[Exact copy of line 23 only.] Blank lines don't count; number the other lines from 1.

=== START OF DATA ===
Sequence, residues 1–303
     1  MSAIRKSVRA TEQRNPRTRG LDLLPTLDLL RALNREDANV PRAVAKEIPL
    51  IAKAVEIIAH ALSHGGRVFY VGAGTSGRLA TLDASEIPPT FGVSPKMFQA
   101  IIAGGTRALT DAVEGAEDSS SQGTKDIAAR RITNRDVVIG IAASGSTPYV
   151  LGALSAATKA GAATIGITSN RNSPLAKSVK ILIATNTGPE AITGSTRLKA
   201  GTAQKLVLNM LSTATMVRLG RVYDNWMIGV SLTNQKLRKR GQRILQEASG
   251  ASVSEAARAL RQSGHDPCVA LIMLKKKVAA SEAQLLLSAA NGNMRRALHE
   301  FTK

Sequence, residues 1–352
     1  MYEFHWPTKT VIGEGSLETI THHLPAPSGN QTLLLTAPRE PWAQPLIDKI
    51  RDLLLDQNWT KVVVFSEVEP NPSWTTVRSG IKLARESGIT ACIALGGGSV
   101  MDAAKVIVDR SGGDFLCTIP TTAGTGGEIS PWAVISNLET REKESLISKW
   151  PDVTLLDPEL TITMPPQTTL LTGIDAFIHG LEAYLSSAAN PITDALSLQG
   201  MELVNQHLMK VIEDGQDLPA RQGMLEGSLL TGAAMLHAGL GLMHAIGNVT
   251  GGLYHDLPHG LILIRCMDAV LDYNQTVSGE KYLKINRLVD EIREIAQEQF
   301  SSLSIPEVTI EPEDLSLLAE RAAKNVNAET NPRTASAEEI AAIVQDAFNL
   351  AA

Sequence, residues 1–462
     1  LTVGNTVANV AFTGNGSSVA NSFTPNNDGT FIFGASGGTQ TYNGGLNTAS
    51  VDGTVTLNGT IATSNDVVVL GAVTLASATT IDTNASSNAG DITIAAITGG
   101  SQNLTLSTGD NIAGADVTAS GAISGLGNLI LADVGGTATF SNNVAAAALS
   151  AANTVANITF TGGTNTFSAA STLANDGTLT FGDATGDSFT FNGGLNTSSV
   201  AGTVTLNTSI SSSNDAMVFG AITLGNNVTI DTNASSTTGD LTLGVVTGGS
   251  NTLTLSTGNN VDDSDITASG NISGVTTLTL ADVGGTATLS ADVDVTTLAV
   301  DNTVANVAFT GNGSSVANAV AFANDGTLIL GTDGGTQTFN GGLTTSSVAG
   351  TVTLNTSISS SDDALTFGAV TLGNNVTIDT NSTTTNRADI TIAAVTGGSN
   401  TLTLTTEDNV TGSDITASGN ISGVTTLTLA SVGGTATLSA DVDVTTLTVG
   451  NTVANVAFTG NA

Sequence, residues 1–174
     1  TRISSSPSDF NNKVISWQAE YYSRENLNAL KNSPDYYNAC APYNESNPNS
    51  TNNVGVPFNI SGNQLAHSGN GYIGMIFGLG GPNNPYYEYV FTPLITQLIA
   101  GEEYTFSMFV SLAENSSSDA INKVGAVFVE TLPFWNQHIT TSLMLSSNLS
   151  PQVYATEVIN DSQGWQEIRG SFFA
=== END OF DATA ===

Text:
   201  AGTVTLNTSI SSSNDAMVFG AITLGNNVTI DTNASSTTGD LTLGVVTGGS